From the right lane of the leafy Palisades parkway in New Jersey, Siri called 911, which could do nothing for a woman collapsed on a floor in Chicago. My sister and brother there did, however, reach the local EMTs, while I stayed on the phone, listening as she went silent. Finally, I heard a banging on her door and a man’s voice asking my 92-year-old mom, “How you doing, young lady?”
She had indeed suffered a stroke, the same thing that killed her mother. I flew home the next day, while my brother and sister agreed to let the surgeons operate — against our mother’s express wishes — because they said they could stop the damage.
She woke up intubated on a ventilator — the same machine that had been used, too often to dreadful effect, on tens of thousands of the Covid-afflicted. Her doctors didn’t know if she’d survive the removal of the breathing tubes, but we assured them that would be what she wanted, even if it meant death. They told us to say our goodbyes.
I memorialized that day on the almost-last page of the journal I kept that year:
May 13, 2021: “Bright spangly Lake Mich. Today we go to turn off the machine that maintains our mother. Her eyes already look distant and strange, both seeking and informed, brown. Crabapple trees are blossoming.”
We waited outside the room while they took her off the machine. Instead of dying, she struggled to push herself up from her pillow. That night, in the dark, my mother touched my hair. “Beauty,” she whispered.
“Probably the last time my mom will pat me on the head,” I wrote in my journal, but as it turned out, the surgeons were right. Mom survived and even got most of her language back, though the woman who read us nursery rhymes and always had a book open in her lap can now barely read. Still, she can live on her own, a frail bird in a tiny cage.
That’s how the pandemic passed over mom and me. Friends of mine lost parents to Covid, without even being allowed to say goodbye in person. Mine lived on.
Facing her mortality, and by extension mine, coincided with the end of the first phase of my pandemic experience. The world kicked back in with its speed, competition, and status anxiety, the jostling and elbowing for power. Everything the lockdowns and my own personal lockdown had held in check came roaring back. I was vaxxed and had a book to promote. I needed to make my mark again, but the more I wanted that, the less confident I got. Thwarted ambition, envy, and avarice returned. FOMO pinched again. I blew up a few relationships. Things only seemed to spiral downward.
I don’t personally know anyone who died of Covid. I don’t have anyone to mourn, even if, thanks at least in part to the pandemic, I descended into my own pit of despond. I mostly stopped taking notes on my observations and state of mind last fall. The journal entries faded away soon enough after they became records of rage and resentment. I guess I got tired of recording a view of my inner life stewing in something bitter.
Act 3: Flight
In the last pandemic year, like so many of us, I’ve been in a kind of flight, both literal and figurative. I’ve compulsively boarded at least as many planes and visited at least as many remote destinations as I had in the previous many years combined. It was as if I wanted to challenge the virus in person. I turned down no assignment, no invitation to speak or visit anywhere — as long as it was far from wherever I was.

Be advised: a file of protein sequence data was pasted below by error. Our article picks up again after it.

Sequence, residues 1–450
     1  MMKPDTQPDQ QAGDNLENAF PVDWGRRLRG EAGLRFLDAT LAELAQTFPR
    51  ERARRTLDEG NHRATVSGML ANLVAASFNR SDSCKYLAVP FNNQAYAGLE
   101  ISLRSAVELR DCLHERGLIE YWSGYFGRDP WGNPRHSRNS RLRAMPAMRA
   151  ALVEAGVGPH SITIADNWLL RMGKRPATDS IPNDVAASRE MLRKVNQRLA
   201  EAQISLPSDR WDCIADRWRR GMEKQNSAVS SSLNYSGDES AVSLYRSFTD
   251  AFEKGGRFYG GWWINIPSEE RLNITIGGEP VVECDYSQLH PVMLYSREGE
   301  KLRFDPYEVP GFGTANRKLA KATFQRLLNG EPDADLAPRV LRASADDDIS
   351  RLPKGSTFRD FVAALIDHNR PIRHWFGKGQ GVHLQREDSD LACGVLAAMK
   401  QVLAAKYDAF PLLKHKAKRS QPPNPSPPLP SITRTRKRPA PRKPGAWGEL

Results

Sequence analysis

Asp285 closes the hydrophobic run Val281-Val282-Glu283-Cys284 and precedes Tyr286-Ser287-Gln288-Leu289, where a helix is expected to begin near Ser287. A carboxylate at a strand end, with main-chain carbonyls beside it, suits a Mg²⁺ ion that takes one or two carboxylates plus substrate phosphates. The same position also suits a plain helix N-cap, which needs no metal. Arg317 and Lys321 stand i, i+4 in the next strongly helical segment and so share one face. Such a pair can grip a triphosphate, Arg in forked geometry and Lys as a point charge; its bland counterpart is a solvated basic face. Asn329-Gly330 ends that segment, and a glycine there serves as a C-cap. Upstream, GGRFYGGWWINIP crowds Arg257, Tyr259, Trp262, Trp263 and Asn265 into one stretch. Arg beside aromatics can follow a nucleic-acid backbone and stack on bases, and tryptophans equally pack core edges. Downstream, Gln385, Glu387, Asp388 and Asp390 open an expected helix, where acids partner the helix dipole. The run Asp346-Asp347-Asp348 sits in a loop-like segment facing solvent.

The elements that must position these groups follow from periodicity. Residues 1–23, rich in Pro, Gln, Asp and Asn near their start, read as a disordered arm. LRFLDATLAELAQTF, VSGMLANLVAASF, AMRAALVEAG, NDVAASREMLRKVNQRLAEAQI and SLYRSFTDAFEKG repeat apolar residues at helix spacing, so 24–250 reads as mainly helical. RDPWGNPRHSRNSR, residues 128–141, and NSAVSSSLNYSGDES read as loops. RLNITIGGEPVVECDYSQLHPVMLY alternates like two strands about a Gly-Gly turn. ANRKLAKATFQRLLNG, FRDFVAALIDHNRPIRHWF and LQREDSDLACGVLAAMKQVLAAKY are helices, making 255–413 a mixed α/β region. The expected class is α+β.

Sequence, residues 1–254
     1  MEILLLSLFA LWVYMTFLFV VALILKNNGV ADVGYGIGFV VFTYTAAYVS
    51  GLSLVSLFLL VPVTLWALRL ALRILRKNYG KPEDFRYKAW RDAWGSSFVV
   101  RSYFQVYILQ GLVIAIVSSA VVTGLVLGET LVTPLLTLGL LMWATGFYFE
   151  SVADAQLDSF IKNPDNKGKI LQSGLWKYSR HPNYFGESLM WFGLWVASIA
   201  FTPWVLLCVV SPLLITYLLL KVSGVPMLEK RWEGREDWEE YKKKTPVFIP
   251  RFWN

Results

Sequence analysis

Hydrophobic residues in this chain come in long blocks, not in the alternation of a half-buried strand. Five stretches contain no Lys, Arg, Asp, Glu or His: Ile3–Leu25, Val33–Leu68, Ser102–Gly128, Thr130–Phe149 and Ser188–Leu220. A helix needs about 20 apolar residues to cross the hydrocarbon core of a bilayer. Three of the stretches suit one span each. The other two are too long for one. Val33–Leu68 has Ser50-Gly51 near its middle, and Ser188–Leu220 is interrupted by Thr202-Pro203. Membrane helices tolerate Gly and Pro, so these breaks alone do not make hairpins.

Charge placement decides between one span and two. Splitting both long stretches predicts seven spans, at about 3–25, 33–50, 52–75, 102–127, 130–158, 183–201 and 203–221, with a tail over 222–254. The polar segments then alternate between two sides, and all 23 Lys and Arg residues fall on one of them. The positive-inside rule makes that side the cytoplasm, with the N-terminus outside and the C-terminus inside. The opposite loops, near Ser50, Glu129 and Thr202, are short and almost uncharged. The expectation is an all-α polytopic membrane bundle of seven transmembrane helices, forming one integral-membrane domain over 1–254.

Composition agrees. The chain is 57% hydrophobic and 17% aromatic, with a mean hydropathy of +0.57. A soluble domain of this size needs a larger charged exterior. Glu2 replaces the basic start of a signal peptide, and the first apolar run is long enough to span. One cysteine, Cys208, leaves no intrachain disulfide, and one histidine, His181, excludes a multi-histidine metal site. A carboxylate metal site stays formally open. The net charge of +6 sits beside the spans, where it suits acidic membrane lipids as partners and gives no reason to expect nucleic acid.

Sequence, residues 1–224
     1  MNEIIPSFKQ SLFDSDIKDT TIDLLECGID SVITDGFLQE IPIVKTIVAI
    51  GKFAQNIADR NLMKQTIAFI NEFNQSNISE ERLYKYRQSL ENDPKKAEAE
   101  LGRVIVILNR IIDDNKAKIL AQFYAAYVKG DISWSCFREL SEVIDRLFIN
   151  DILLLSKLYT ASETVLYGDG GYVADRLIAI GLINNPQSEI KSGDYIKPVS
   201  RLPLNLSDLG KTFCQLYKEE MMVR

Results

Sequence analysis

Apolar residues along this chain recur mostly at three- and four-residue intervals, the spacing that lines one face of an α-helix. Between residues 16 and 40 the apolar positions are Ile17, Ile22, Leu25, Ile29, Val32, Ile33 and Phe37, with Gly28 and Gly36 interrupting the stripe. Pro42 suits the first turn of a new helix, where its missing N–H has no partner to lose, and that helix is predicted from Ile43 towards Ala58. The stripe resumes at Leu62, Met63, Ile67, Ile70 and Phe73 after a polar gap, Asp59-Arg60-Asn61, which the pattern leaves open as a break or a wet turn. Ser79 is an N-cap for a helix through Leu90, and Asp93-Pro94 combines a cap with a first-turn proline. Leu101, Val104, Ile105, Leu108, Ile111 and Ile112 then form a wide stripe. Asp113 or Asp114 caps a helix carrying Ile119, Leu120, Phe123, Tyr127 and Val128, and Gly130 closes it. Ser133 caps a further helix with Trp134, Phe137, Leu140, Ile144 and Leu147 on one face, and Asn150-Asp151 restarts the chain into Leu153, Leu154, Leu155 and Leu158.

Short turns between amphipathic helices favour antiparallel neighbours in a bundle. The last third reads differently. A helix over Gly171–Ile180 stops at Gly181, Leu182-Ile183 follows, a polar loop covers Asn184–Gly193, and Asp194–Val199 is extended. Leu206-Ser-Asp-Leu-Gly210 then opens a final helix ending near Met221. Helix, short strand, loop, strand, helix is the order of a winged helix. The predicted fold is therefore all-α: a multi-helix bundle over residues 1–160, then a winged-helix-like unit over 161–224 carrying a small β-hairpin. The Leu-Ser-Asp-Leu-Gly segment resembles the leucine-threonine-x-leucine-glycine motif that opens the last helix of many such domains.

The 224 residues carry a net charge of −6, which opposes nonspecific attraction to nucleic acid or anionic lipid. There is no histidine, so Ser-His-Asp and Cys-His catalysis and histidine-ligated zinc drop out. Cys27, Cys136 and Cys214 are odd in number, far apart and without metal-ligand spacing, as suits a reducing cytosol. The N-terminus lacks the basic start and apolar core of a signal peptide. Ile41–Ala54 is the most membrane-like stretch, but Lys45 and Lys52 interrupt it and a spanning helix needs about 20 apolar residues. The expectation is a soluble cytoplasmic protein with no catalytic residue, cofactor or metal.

I flew to Chicago, of course, and was inside hospitals and rehabs with my mother. I flew west to Santa Fe and Taos. East 12 hours to Armenia and back through Paris. East again to Lesbos, Sappho’s island, with its infamous Camp Moria for refugees. Almost every month, there were flights to the Caribbean or Mexico or Florida or Norway or Italy. Miles of walks through airport halls, often thronged with other travelers.
I’ve been a glutton for the new place, for the IRL (in real life) experience, often enough publishing pieces of journalism about them. The question, however, was: How to sit still?
Before I take you, dear reader, farther down this hole, let me just say that I know exactly how privileged I am to be able to run away even as millions of people are disabled from long Covid and tens of millions of Americans struggle to keep up with rising prices and chaotic lives, while trying to hang onto their sanity. And how lucky I’ve been not to get sick at all. (I credit four Moderna jabs. Thank you, science!)
Such frantic movement is undoubtedly my panacea for something. I did note that a popular Instagram therapist’s post suggested that a pandemic seemingly without end challenged the part of the brain that processes anxiety. Depressive people freeze, anxious people act, she explained. Which one are you?
I knew which one I was.
Truth be told, I prefer life as a fugitive now. I don’t even mind the long hours of waiting in airports for delayed flights, the slow trains, the boring highway drives, the hours when I can’t scroll the web. I sometimes prefer the liminal, the in-between place, to the destination.
I’ve been thinking about my journal entry from the first months of the pandemic: “It will be all new after this and that’s good. Or bad, depending on how it goes.”
How is it that I hadn’t anticipated a third option, that nothing would change? That we would learn almost nothing from all this. What if, in the end, the ongoing pandemic leaves us exactly where we were, twitchily scrolling the metaverse? With Donald Trump still lurking?
Remember when we called it “the pause”? I had forgotten about that euphemism until I started writing this. It’s not used anymore. We just look back on a series of lockdowns that, for better or worse, finally unlocked. The machine is churning again, just with more glitches, more broken parts, more sickness and death, all of it moving faster and faster every day.
In May, our spew of carbon dioxide into the atmosphere reached a new record. And I helped. Greta, flight-shame me!
I hold a kernel of memory in my head of empty time and no plans to do anything with it, of being right where I was supposed to be and not going anywhere else. Maybe there’s an imprint somewhere inside all of us of a sky without jets, roads with no cars, and nobody looking for us. That pause showed us something we might never see again: a world where less could be more.
Copyright 2022 Nina Burleigh